The Telegraph
Since 1st March, 1999
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ABCD splits in half

Lucknow, Feb. 3: The eight-member group of MLAs that split the 23-strong Uttar Pradesh Congress Legislature Party (CLP) four days ago split again today.

The splintering of the splinter group — recognised as Akhil Bharatiya Congress Dal (ABCD) by Speaker Kesari Nath Tripathi immediately after the first split — has resulted in four ABCD members joining Mayavati’s Bahujan Samaj Party in the hope of a ministerial berth.

The other four have been left high and dry by Mayavati’s diktat that joining her party was a precondition to their eligibility for the big prize.

“We are still to make up our minds. But if Mayavati goes back on her promise, we might walk back to the Opposition camp,” said Akhilesh Singh, a former Congress MLA.

Akhilesh was expelled by the Congress, but treated as a legislature party member by Tripathi in a controversial ruling that the Congress now intends to contest.

Like Akhilesh, the other three members of the truncated ABCD, are yet to decide if they should return to the Congress or join Mulayam Singh Yadav’s Samajwadi Party.

Kazim Ali spoke for those who joined the Bahujan Samaj. The scion of Rampur’s former ruling family whose mother Noor Banoo represents the constituency in the Lok Sabha said: “We came to the conclusion that ABCD has no political future.”

“Our split with the Congress on January 28 did not yield the desired results and we have now decided to join the Bahujan Samaj,” he said. The others who went with him are Shyam Narain Tewari, Bundelkhand MLA Virendra Singh Bundela and Kameshwar Upadhyaya.

Tewari is a relative of Bahujan Samaj minister Amar Mani Tripathi, who played an important role in engineering the latest Congress split.

The new Bahujan Samaj recruits met Mayavati earlier in the day before announcing their decision. They have informed the Speaker of their latest decision.

Kazim -- who had revolted not only against the Congress but also against his mother Noor Bano -- had told his supporters after the first split that “he would return to Rampur in a red beacon-flashing ministerial car”.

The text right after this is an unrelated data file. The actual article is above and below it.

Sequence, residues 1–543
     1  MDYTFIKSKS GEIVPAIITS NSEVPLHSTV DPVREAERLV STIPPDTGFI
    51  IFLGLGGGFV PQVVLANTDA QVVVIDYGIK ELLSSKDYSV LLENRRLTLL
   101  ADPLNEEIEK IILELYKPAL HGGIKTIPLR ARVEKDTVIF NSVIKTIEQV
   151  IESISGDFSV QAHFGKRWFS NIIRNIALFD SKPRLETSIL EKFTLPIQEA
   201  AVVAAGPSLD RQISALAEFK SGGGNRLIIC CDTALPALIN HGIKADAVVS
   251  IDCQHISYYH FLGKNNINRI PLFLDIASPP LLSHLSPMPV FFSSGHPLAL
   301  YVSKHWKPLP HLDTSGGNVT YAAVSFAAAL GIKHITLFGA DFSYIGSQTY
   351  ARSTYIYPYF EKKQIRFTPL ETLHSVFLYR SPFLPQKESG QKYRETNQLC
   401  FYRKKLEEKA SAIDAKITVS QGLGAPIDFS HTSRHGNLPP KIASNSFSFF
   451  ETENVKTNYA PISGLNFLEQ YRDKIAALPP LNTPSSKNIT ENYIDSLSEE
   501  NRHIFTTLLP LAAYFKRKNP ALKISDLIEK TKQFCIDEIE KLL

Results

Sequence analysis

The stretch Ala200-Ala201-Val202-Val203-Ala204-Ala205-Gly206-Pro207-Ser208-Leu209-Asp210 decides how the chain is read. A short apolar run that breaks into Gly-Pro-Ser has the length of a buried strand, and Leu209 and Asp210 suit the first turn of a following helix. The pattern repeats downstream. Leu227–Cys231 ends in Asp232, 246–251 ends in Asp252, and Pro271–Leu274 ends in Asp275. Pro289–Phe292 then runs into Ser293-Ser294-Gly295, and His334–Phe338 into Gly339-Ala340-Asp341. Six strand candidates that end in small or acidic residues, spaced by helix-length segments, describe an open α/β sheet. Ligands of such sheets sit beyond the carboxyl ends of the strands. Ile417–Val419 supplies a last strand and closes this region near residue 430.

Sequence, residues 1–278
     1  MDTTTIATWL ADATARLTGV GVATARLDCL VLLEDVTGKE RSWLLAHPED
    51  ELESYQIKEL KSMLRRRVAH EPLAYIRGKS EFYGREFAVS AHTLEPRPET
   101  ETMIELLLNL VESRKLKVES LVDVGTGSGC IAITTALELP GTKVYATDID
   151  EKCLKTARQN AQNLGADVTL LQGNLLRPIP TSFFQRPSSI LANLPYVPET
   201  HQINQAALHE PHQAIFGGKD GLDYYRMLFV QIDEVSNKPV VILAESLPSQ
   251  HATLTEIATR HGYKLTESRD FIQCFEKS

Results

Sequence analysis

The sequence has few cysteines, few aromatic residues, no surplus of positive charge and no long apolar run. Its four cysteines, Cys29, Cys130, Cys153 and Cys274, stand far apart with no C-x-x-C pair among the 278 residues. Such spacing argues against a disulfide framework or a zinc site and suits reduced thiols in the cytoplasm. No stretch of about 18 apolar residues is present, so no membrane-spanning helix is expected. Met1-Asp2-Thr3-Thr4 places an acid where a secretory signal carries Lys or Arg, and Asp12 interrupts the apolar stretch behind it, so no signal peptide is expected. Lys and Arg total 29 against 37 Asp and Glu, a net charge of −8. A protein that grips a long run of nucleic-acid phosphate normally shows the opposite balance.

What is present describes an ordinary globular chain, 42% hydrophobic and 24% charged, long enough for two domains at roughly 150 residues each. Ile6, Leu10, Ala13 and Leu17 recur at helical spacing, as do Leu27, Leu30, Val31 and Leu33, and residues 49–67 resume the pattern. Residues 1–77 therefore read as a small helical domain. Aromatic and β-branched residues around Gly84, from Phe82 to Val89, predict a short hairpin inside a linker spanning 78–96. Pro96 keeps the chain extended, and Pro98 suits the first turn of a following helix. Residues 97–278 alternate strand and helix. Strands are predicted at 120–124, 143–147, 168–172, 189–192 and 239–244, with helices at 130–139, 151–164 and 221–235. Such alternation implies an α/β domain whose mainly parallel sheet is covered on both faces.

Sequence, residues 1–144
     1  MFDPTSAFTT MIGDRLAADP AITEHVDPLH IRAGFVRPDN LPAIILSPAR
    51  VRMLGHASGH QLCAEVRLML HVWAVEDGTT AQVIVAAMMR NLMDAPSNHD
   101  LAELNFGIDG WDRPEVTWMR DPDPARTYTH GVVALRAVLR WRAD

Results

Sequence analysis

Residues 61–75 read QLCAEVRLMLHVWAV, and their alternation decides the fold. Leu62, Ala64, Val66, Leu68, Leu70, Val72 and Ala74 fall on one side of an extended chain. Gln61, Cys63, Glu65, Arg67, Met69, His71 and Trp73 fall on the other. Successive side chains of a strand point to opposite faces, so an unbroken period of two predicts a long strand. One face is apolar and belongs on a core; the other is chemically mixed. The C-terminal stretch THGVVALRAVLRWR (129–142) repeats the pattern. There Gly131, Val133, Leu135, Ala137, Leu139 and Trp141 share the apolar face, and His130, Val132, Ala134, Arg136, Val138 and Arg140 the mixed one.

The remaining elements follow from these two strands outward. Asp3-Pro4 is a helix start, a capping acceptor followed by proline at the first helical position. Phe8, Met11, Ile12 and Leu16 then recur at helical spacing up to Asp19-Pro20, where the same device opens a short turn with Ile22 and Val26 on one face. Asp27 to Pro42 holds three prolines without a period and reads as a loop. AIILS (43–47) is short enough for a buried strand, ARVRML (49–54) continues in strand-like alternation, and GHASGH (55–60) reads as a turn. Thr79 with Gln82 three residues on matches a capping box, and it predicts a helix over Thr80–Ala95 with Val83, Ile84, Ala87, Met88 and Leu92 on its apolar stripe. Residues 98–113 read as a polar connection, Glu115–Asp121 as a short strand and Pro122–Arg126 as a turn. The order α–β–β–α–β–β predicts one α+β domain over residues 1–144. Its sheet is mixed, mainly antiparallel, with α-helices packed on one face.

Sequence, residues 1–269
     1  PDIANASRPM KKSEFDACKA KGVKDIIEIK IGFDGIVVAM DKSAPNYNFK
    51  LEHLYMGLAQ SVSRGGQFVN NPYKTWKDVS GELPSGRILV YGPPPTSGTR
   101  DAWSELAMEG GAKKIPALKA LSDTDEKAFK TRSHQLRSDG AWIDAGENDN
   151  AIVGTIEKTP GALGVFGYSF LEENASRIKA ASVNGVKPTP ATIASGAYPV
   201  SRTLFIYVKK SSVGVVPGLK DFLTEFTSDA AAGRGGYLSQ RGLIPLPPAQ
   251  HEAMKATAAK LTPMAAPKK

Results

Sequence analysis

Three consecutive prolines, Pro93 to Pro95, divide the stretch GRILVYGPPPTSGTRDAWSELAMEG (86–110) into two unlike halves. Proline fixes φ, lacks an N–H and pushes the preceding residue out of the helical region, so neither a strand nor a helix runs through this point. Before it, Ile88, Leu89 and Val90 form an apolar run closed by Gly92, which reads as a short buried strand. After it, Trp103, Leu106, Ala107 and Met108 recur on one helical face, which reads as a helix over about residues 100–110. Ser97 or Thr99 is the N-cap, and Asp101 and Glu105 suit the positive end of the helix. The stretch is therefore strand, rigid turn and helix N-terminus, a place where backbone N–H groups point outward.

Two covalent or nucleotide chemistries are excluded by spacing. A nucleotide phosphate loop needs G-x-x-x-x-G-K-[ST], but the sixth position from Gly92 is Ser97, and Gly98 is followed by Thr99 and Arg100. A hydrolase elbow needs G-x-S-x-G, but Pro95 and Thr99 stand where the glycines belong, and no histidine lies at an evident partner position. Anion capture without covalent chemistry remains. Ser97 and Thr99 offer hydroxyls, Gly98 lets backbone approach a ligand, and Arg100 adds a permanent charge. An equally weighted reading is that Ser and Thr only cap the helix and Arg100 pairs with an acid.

“He has joined (Bahujan Samaj) to get the minister’s berth after his mother publicly castigated him and asked the defectors to seek a fresh mandate,” a political functionary said. “The others may have to be content with minor prizes,” he said.

The remaining members of ABCD are angry. “The chief minister has been pressing (us) to join the Bahujan Samaj first and discuss other things later,” said one of the four left in the group. “We cannot join the Bahujan Samaj because our political career will be at stake.”

Apart from Akhilesh, the three other ABCD members are Dinesh Kumar Singh, Vinod Kumar Singh Kakka and Raj Pal Tyagi.

The Congress and the Samajwadi Party, encouraged by the splintering of the splinter group, claimed they are now all set to move a no-confidence motion against the Mayavati government in the budget session.

Samajwadi’s Leader of the Opposition Mohammed Azam Khan and CLP leader Pramod Tewari separately announced their intention to do so. And each hoped the other would support their party.

Khan indicated that after the Mulayam-Sonia Gandhi talks yesterday, chances of a coordinated strategy by both parties had increased. “This time, we will work in unison to topple the government,” he said.

The Bahujan Samaj, however, is confident it can counter any likely joint offensive. “It was after the Sonia-Mulayam meet on Sunday that Bahenji (Mayavati) forced a split in ABCD,” said a political aide to the chief minister.

The Bahujan Samaj camp emphasised that Mayavati had not only re-split the ABCD, but also won over the three-member Apna Dal that was a Mulayam ally.

Apna Dal leader Sone Lal Patel today said the experiment to form a backward “manch” involving his party, Samajwadi and Kalyan Singh’s Rashtriya Kranti Party had failed. “We will abstain from the House if the no-confidence motion is brought,” he said.

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